As I prepare to teach during Children’s church this weekend, I want to write out my thoughts in article form so that I can think through the teaching process as well as share what I have been learning with you. I will be teaching on friendship based on Jonathan and David’s godly friendship. Their story is an amazing one and it parallels Christ’s friendship with us, how we benefit from it, and then how we are motivated to pass this blessing on to others by befriending them and introducing them to our friend, Jesus Christ.
I. A godly friend seeks to befriend people who do not have many friends
Jonathan was the son of the king. In our modern lingo, he would have been the cool kid in school. He had the best clothes. He came from a rich family. He had an extremely bright future. Everyone would have wanted to be his friend. He could have befriended anyone he wanted. He would have had all of the coolest toys and gadgets. David, on the other hand, lived an entirely different life. Although God wanted to choose him and anoint him as future king, in I Samuel 16, we see that David is an outcast. His own family did not have much to do with him. In fact, when it was time to present the children to Samuel so that he could choose the next king of Israel, no one bothered telling David to come to the meeting. They had actually forgotten about him. Jonathan chose to befriend David for David’s benefit. In reality, Jonathan and David should have been enemies because Jonathan would have been next in line to be king and David would have been his competition. Jonathan did not think in those terms though because he loved God and wanted to do what was pleasing to God. He befriended David and promised to help and protect him. Most people seek to befriend others for the benefits that they attain from the friendship. A godly friend is not like that. He befriends others so that he can serve them and help them, for their benefit and not his own. Why do you seek to befriend others? What motivates you? Do you seek to befriend the popular people so that you can benefit from the friendship or, like Jonathan, do you seek to befriend people who do not have many friends so that you can serve them?
II. A godly friend seeks to serve his friends
When Jonathan and David promised to be friends for life, they made a covenant with each other and while making the covenant, they exchanged robes, weapons, and belts. Jonathan, the son of the king, exchanged his robe (cool kid, expensive clothes) with David (poor shepherd boy). Jonathan also exchanged his weapons (king’s weapons) with David (poor shepherd boy’s sling shot). In other words, Jonathan promised to serve David even though he was the son of the king and David was a lonely, poor shepherd boy. Jonathan was faced with a terrible dilemma because he had promised to be David’s friend, to help and protect him yet David had an enemy, king Saul. The problem with this was that king Saul was Jonathan’s father. Jonathan did not know what to do. He wanted to obey his father because that is what God commands yet his father was being disobedient to God, to the point where he wanted to kill David. Jonathan chose to be obedient to God and protect his friend David. When it comes to friends, do you want them to serve you or do you seek to serve them? Who benefits mostly from your friendships, you or your friends?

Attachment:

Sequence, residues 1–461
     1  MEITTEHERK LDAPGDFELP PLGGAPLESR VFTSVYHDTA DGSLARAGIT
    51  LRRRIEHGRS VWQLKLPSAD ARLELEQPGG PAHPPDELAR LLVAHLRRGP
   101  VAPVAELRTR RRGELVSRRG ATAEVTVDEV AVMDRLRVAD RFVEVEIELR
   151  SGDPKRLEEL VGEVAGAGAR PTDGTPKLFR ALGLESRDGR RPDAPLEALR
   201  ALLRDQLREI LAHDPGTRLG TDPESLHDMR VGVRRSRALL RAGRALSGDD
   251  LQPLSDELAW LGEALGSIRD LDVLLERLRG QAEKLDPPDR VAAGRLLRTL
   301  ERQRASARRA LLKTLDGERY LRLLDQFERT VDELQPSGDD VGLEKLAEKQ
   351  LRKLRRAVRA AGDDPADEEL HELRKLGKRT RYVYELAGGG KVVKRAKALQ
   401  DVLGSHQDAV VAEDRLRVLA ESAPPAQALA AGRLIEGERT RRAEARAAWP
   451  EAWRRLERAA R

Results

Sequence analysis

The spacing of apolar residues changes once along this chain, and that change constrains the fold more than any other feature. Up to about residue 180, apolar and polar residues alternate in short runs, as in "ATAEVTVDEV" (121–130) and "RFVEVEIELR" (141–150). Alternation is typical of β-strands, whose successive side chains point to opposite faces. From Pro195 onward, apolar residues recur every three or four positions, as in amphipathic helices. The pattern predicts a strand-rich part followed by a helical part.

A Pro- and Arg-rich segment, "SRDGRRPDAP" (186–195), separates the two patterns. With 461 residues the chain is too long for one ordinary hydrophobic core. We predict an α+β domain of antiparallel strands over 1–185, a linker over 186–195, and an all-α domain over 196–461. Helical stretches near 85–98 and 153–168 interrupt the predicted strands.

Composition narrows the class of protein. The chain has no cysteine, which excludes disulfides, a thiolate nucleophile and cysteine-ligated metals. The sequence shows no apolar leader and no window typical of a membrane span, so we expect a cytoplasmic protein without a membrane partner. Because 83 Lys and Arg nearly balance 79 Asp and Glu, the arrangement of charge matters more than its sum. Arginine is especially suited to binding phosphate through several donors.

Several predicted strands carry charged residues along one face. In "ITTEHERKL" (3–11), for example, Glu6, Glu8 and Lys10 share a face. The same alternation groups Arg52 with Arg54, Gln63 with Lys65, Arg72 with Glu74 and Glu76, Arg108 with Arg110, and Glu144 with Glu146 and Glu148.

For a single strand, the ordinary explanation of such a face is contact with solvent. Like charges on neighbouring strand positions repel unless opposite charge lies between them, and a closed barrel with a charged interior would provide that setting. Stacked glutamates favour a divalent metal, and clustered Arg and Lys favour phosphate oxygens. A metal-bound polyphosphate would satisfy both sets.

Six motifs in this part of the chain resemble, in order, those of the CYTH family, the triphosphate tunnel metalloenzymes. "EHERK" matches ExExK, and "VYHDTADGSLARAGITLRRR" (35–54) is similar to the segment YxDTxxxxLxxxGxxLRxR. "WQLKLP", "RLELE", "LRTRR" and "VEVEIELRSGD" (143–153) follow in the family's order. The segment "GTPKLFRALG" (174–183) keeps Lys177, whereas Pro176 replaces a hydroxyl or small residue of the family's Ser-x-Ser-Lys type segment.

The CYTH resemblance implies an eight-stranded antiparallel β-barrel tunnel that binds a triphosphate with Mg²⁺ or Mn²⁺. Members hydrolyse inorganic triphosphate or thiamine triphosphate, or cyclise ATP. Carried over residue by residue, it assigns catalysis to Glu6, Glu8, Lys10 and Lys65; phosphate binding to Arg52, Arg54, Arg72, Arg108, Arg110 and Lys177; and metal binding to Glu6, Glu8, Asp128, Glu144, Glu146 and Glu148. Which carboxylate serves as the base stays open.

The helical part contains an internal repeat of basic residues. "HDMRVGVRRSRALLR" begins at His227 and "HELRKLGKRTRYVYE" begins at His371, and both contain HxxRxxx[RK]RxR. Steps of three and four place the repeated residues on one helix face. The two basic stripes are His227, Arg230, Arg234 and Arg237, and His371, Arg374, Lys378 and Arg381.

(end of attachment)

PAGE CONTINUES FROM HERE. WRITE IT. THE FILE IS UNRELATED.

III. A person who has a godly friend will seek to be a godly friend
All that Jonathan did for David was not forgotten and it was not done in vain. A lot of people think that, “if I serve others then who will serve me?” There are benefits to serving others. David learned from Jonathan and he put that knowledge into practice. Unfortunately for Jonathan, he and his father Saul were killed in battle leaving David to be king of Israel just like God had promised. David did not forget about his friendship with Jonathan. Unfortunately for Jonathan’s son, Mephibosheth, he did not know about David’s devotion to his friend Jonathan. Because of not knowing this, Mephibosheth tried to run away from David for fear of his life. He was actually being carried by his nurse because he was so young. She dropped him in her haste and he was crippled for life as a result. He went from being the grandson of the king to living in poverty. David sent out word to find Jonathan’s son so that he could bless him the way that Jonathan had blessed him. When David found Mephibosheth, he brought him to the palace and sat him at his table. Mephibosheth went from poverty to the king’s table almost over night. David learned how to be a godly friend from Jonathan and he passed that friendship on to Jonathan’s son. Because David had a godly friend, he knew how to be a godly friend. Just like he was served by Jonathan, he served Jonathan’s son, Mephibosheth. Do you have a godly friend in your life who is teaching you how to be a godly friend? Are you seeking to be a godly friend to others?
IV. The story of Jonathan and David is a mirror image of Jesus Christ and people
As I was preparing this lesson I could not help but notice all of the similarities between what Jonathan did for David and what Jesus Christ did for us. Jesus, the Son of the King, left heaven to walk this earth so that he could befriend us, his enemies. Not only did He befriend us but He also promised to help us. He exchanged with us. He took our sin and gave us heaven. He gives us His name, His Holy Spirit, His power over sin, and His eternal life. Once we experience this friendship, we want to extend it to others. We seek out people who are suffering, hurting, unpopular, in order to befriend them and share Jesus Christ with them. Have you experienced Jesus Christ’s friendship? Are you actively seeking to befriend those in need so that you can serve them and introduce them to your friend Jesus? May the Lord help us experience His friendship so that we can be godly friends to others.